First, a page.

* 120 miles below N. Madrid
Extract of a letter from Orleans dated Feb. 11, to a gentleman in this place.
"This city has experienced some slight concussion of earthquake, particularly on the 9th, whilst a number of persons were at the theatre and the ball, some of whom were much alarmed, tho' the shock was not severe, nor had done any damage."
Saturday, March 14, 1812
The Earthquake of the 16th of December last was felt as far North as Charlestown, New Hampshire.
The Indian mode of worship, as happened in consequence of the late Earthquakes.
This alarming phenomenon of nature struck with such consternation and dismay, those tribes of Indians, that live within and contiguous to that tract of country, on the Mississippi, where the severity of the earthquake appears to have been the greatest, that they were induced to convene together in order to consult upon the necessity of having recourse to some method of relief, from so alarming an incident; when it was resolved to fall upon the following expedient to excite the pity of the Great Spirit. [There follows a description of the religious ceremony of the Shawnees.]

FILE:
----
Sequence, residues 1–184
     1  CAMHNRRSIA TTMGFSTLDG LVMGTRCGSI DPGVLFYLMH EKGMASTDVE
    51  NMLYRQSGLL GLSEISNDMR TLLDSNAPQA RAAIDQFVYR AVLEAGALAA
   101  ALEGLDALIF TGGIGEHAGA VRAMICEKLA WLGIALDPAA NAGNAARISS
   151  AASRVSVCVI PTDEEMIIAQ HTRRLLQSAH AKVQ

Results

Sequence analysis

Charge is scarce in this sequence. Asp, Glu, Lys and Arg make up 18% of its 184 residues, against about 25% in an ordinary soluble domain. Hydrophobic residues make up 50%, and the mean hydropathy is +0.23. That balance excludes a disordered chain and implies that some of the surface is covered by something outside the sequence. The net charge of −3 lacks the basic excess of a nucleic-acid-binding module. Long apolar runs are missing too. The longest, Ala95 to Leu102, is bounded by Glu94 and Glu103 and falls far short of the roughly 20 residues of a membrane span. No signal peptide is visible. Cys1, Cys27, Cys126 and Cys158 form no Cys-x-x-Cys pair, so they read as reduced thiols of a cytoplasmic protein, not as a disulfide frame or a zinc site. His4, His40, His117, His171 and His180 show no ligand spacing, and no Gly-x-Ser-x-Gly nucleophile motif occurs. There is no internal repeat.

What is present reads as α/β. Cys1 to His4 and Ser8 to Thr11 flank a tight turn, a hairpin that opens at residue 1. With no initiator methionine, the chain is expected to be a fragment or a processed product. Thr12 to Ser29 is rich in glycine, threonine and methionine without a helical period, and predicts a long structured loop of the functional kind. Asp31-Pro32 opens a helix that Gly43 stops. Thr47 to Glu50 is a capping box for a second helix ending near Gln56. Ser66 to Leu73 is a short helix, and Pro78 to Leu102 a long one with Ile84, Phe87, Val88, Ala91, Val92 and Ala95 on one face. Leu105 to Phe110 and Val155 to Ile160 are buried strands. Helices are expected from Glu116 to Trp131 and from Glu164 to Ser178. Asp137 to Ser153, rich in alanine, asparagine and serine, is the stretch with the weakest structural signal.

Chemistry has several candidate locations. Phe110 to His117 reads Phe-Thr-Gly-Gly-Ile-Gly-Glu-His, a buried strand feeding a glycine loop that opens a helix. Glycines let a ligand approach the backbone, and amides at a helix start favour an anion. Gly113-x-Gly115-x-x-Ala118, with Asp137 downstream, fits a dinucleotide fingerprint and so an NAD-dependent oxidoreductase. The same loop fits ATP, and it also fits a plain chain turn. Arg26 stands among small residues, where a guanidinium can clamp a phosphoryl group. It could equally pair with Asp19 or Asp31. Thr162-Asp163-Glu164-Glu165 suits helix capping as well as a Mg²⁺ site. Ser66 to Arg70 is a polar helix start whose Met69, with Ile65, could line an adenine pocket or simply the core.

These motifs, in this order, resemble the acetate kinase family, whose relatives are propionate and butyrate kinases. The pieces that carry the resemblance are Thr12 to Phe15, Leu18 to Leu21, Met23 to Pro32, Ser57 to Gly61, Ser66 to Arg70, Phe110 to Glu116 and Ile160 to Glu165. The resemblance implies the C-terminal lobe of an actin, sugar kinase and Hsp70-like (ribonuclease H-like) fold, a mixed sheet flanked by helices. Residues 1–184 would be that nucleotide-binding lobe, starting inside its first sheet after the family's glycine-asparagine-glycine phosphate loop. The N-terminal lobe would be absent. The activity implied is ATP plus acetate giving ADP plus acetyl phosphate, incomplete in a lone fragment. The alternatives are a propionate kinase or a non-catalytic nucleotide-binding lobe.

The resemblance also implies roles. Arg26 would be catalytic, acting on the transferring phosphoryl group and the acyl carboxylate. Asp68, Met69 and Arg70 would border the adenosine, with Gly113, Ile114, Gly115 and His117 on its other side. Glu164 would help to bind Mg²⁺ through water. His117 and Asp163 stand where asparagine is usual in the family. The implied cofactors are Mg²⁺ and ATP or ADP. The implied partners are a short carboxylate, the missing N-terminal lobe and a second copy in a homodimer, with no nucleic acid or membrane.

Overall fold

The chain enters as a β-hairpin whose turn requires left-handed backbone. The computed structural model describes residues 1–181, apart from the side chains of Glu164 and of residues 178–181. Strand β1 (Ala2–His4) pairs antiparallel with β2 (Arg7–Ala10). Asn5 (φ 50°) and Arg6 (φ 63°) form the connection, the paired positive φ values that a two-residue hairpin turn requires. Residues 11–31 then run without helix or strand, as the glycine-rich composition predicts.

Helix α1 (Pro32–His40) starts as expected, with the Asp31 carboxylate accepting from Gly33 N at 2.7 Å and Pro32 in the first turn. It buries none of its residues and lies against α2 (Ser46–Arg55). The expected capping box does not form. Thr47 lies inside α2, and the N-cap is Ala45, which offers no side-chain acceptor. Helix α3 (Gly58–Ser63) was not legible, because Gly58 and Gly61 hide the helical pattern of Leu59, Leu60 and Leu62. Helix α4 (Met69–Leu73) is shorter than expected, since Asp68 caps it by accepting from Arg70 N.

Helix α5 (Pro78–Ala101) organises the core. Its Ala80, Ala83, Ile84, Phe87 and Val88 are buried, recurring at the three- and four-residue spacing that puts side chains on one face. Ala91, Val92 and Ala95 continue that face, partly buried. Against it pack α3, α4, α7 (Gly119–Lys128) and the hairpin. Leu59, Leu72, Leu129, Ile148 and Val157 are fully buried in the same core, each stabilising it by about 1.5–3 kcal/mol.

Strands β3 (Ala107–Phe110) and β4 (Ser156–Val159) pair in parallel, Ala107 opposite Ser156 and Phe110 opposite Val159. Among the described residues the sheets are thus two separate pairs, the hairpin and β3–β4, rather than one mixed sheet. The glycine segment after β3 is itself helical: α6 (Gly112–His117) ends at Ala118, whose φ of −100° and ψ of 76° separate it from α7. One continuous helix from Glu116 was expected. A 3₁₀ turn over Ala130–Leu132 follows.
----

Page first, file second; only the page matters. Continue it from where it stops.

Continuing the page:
We are informed from a respectable source that the old road to the post of Arkansas, by Spring river, is entirely destroyed by the last violent shocks of earthquake. Chasms of great depth and considerable length cross the country in various directions, some swamps have become dry, others deep lakes, and in some places hills have disappeared.
Pittsburgh, Feb. 14
On Friday morning the 7th inst. about 4 o'clock, a shock of an Earthquake was severely felt in this town. The effects of this convulsion were much more sensibly felt, than the one which happened on the 16th of December. Many of the houses were violently shaken.
Accounts from la Haut Missouri, announces a general peace among the Indians, it is said that the earthquakes has created this pacification.
Slight shocks of Earthquake continue to be felt here. On Wednesday night last, several who were awake declare, they felt a strong vibration of the Earth.
THE LOUISIANA GAZETTE AND DAILY ADVERTISER (NEW ORLEANS)
No mail north of Natchez yesterday. Letters from that city state that a small earthquake had been felt there some days ago. From the principles of earthquakes we are surprised it was not felt here. Earthquakes have generally been felt in southern mountainous countries; sometimes located to a small portion of country sometimes more extended. Different nations, near the Adriatic and Mediterranean, have felt the shock of an earthquake at the same moment.